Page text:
It is really hard to get excited about the current economic climate. While it is technically in a period of recovery, it is the most sluggish recovery in modern times. U.S. GNP growth sputtered along at a clip of +1.2% in the second quarter[i]. Ho hum.

Our future prospects are about as clear the drinking water in Rio De Janeiro. Some economists predict a recession in 2018-2019. Between now and then, most pontificate that we will have more of the same: tepid growth and very modest inflation. You might describe the mood as slump-timistic.

But pulling back the Kimono on GNP paints a sobering picture. Consider the key contributors to GNP growth in the second quarter:

  • Consumer Spending: +2.83%
  • Net Trade: +.023%
  • Government Spending: -.16%
  • Residential Investment: -.24%
  • Business Investment: -.28%
  • Change in Inventories: -1.16%

The U.S. economy is being driven by consumer spending, and not private investment. Inventories are tightening. Home building is lackluster. In a period of austerity, the U.S. government is not spending freely.

Of the levers for growth, consumer spending may be the least favorable with regard to our long-term financial health. While it is gratifying that our friends and neighbors have the confidence to buy more movie tickets and sailboats, it does not bode well for long-term prosperity.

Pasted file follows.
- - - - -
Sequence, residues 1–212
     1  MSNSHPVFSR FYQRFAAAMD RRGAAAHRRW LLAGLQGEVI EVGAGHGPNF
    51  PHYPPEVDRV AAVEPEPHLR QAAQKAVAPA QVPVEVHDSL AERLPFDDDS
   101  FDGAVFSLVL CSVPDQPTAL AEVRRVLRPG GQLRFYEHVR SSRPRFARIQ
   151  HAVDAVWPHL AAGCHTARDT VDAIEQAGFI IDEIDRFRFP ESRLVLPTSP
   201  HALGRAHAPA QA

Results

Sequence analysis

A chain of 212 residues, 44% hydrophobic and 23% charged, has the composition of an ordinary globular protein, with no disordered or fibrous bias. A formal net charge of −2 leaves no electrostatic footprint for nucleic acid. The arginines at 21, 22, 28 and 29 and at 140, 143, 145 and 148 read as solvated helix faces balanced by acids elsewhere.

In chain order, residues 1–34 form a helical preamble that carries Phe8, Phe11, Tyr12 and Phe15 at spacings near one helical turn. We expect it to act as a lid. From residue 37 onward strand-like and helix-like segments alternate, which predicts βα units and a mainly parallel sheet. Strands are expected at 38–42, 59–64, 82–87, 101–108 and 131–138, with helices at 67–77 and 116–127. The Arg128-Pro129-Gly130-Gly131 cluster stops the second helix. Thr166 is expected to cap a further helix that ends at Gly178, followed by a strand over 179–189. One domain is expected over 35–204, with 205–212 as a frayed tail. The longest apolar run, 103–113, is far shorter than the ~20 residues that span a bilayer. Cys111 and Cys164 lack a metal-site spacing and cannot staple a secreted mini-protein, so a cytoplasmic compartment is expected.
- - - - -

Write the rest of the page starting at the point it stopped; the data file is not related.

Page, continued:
2015 was a hot year for acquisitions, but the market has since cooled considerably. The acquisition frenzy was certainly influenced by the inability of companies to generate organic growth.

One might argue that well-run companies are still prospering. I was recently in a conversation with a group of entrepreneurs in a similar industry. While they were all doing well, they had heard of less organized competitors who were begging for work.

Thus, it appears in this economy that the rich are growing richer and poor are getting poorer. Professionally managed companies will have the opportunity to hire better talent and retain loyal customers. Every management team will have to clearly define its targets, and which projects it is willing to accept. It would be easy to fall into the trap of venturing out into red oceans, with bad customers at low margins.

So budget wisely, and beware of continuously choppy waters ahead.


[i] “US in Weakest Recovery Since ’49” by Eric Morate, The Wall Street Journal